Paisley man turned on cops who tried to help him after 999 calls

Paisley Sheriff Court
-Credit: (Image: Andrew Neil)

A Paisley man who dropped two 999 calls and was then abusive to cops who turned up to help him has been told to be of good behaviour.

Robert Settul was traced in Paisley’s County Square on December 12 last year after police received the 999 calls.

Settul, of Sandholes Street in the town, became “immediately aggressive” when he saw the cops and told them to “shut their f*****g mouths”.

The 45-year-old also attempted to resist arrest by tensing and pulling his arms away when cops tried to put handcuffs on him.

The procurator fiscal depute told Paisley Sheriff Court: “Around 3.10am on December 12, 2023, police received two dropped 999 calls from County Square in Paisley.

“PCs Kane and Ramirez attended and traced the accused and approached him. He immediately became aggressive and began shouting and swearing at the officers. The accused was informed to step back and calm down but he refused to do so.

“One of the officers placed their hand on the accused’s chest and he shouted, ‘Don’t put your f*****g hands on me. Shut your f*****g mouth you c**t’.

“The officer attempted to place the accused in handcuffs but he resisted and knocked off the officer’s radio. He struggled with them and tensed his arms to prevent the cuffs from being applied.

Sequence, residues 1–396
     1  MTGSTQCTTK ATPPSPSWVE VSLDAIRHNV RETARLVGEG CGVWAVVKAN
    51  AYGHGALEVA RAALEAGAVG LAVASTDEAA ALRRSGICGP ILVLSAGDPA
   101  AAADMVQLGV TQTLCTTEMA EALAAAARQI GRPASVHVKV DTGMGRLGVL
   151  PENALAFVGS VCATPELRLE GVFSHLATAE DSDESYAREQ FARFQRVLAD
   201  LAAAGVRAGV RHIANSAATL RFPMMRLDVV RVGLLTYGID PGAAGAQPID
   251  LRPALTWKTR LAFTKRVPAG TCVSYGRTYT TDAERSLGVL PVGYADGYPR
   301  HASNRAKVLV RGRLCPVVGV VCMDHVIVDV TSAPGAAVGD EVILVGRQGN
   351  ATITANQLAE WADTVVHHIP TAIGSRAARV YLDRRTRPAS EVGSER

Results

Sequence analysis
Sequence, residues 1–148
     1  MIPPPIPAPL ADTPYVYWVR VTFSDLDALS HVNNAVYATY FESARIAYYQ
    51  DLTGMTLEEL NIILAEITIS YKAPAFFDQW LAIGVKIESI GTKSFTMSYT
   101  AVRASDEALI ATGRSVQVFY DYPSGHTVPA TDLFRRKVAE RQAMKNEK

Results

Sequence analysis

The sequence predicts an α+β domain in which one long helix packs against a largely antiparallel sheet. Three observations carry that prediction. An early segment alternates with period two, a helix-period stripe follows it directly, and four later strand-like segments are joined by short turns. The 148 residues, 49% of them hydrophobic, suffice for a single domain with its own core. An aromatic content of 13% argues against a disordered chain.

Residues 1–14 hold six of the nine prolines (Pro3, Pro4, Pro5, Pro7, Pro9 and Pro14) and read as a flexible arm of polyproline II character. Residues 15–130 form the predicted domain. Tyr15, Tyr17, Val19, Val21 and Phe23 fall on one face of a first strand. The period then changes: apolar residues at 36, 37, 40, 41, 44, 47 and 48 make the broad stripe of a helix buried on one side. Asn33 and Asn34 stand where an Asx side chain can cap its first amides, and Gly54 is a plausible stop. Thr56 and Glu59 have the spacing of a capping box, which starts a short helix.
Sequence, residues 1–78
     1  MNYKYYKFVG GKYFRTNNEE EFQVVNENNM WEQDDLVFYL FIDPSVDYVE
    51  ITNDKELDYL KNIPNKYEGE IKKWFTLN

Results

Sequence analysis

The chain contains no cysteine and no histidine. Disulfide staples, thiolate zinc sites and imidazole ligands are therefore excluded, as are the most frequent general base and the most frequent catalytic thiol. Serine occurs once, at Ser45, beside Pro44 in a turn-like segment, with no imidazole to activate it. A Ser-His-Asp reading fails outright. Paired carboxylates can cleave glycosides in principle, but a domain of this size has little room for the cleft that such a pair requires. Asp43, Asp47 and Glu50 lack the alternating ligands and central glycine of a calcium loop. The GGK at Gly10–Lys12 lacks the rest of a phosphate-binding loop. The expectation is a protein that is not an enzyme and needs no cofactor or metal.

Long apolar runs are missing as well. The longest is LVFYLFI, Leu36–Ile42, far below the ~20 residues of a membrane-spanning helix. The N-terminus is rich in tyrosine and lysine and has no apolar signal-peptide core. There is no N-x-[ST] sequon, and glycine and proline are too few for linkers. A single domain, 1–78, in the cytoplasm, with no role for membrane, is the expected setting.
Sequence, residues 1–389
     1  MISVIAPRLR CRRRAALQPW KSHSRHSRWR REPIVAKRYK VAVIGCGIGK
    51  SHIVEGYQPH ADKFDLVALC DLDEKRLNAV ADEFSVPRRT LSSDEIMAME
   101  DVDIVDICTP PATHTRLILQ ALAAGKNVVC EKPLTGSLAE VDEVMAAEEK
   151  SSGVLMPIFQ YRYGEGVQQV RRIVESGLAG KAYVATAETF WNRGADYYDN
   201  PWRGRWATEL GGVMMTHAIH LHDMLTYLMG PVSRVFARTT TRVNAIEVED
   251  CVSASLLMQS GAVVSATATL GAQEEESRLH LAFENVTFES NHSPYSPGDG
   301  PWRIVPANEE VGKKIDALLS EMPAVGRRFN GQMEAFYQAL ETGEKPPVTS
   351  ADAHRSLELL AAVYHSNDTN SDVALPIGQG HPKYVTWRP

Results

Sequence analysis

“He was eventually taken to the prone position and then to a police vehicle while he continued to shout and swear. Settul was taken to the station where he was processed in the usual manner.

“CCTV captured the whole incident; and I should mention, for what it’s worth, PC Kane has seen the accused in the street since the incident and they’ve advised the accused was apologetic.”

Defence agent Ruth Wallace told the town’s court Settul has been in residential rehabilitation for the last three-and-a-half months.

She added: “He is based at a centre in the Scottish Borders and has attended with his support worker who has advised he is engaging well with the programme. It is his intention to stay there as long as possible. It is an 11-month programme and can be extended to 18 months.

“He is there for his alcohol and substance misuse as he is a man who has struggled with addiction issues and his record is a result of that. Despite that, there is an eight-year gap in offending on his record so that shows he can behave and can live a pro-social life.”

Sheriff Duffy deferred sentence for Settul to be of good behaviour and stated: “I can see you have quite a substantial gap in your offending and that you’re in a residential facility where it is pleasing to see you’re making good progress with that.”

Sentence was deferred for good behaviour and to call alongside another matter on September 12.

Settul’s bail was continued meantime.

Don't miss the latest Renfrewshire headlines – sign up to our free daily newsletter here